LACON, Roland (c.1537-1608), of Willey and Kinlet, Salop.

Published in The History of Parliament: the House of Commons 1558-1603, ed. P.W. Hasler, 1981
Available from Boydell and Brewer



Family and Education

b. c.1537, 1st s. of Richard Lacon of Willey by Agnes, da. of (Sir) John Blount of Kinlet, and sis. of Sir George Blount; bro. of William. m. Eleanor, da. of William Rigges of Stragglethorpe, Lincs., 2s. 3 or 4da. suc. fa. 1543.1

Offices Held

Bailiff, Much Wenlock 1560-1, 1564-5; j.p. Salop from c.1573-c.84, from 1591, sheriff 1570-1, commr. recusancy 1585.2


Willey was within the borough of Much Wenlock, for which Lacon was returned soon after attaining his majority. The only reference to him in the journals of the House is leave of absence granted 10 Mar. 1559 ‘for his business at the assizes’. In 1581 his uncle Sir George Blount conveyed extensive estates to him at Kinlet and elsewhere, making him one of the largest landed magnates in the county. At one time he also owned property in Buckinghamshire, but there is no evidence that he ever lived outside Shropshire.3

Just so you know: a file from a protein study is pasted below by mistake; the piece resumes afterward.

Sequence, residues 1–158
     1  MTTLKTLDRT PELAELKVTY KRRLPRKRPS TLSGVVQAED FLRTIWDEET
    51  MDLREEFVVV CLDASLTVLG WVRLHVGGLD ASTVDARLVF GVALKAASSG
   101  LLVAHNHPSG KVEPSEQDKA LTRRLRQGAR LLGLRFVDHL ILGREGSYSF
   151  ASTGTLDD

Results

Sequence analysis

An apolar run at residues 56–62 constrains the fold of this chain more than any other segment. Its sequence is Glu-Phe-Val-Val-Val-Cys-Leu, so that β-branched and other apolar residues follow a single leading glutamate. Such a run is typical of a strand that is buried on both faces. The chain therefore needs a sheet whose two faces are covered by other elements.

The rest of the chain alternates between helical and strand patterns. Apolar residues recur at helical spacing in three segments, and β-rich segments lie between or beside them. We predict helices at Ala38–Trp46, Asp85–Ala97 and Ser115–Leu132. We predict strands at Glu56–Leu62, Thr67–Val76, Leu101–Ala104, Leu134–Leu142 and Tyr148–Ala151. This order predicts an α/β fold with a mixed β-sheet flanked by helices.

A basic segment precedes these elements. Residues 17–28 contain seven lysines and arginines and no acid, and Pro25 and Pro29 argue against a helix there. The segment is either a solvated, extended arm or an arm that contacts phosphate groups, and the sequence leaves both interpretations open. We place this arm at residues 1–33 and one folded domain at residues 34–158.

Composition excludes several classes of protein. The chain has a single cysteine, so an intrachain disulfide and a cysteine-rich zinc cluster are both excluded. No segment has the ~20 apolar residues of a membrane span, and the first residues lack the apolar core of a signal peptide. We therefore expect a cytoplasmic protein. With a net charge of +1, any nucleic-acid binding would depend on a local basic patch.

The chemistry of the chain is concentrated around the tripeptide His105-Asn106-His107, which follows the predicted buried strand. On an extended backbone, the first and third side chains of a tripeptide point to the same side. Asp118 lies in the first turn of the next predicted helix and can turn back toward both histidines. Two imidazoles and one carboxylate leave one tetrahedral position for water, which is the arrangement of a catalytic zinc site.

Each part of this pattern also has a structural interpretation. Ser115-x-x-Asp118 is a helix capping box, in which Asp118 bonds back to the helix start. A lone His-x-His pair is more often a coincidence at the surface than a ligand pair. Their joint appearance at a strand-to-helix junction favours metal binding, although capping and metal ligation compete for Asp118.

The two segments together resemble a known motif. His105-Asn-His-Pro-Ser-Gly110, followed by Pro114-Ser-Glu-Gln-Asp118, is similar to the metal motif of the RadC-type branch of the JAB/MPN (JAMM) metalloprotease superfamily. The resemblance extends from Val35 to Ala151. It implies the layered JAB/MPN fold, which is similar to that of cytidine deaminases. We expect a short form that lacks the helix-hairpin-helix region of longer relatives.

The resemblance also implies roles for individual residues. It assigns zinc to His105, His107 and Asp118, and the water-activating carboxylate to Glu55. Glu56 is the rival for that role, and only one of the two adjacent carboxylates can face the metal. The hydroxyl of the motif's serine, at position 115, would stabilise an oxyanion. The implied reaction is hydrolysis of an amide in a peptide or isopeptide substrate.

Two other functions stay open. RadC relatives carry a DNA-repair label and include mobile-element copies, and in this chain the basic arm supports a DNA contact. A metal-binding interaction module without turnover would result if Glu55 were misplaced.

Though listed by the bishop of Hereford in 1564 as ‘a favourer of religion’, Lacon’s religious views are obscure. A Catholic servant was prosecuted for conspiracy in 1572, his widow was an open recusant, and his heir Sir Francis (who married a daughter of Viscount Montagu) was a recusant in James’s reign. It may have been because of his religious views that Lacon’s name was left off the 1584/7 commission of the peace, but his name re-appears in 1591, so this may not be significant, nor does his appointment as a recusancy commissioner mean anything either way. Evidently his loyalty was not in doubt. He contributed £50 to the Armada defence fund. In the will he made 2 Nov. 1608, the day before his death, he left his wife only the jewel he was accustomed to wear about his neck. Perhaps he had already made an arrangement to safeguard her against the possible loss of any property because of her recusancy. The will mentioned a number of relatives, including five grandchildren. The largest bequest, outside Lacon’s immediate family, was to Mary, wife of Hector Danby, who received £200 and a gold ring. The heir, Sir Francis, was the sole executor; a younger son, Thomas, and (Sir) Francis Newport II, the husband of Lacon’s daughter Beatrice, were appointed overseers.4

Ref Volumes: 1558-1603

Author: N. M. Fuidge


  • 1. C142/68/7; E150/862/2; Vis. Salop (Harl. Soc. xxviii), 54; (xxix), 308; Trans. Salop Arch. Soc. (ser. 3), viii. 127.
  • 2. Trans. Salop Arch. Soc. (ser. 3), ii. 315; viii. 127; Much Wenlock Guildhall recs.
  • 3. CJ, i. 57; PCC 28 Darcy; Wards 7/20/278, 25/129; C142/69/99.
  • 4. Cam. Misc. ix(3), p. 16; Trans. Salop Arch. Soc. (ser. 2), iii. 97; Strype, Annals, ii(1), p. 270; CSP Dom. 1603-10, p. 472; PCC 17 Dorset.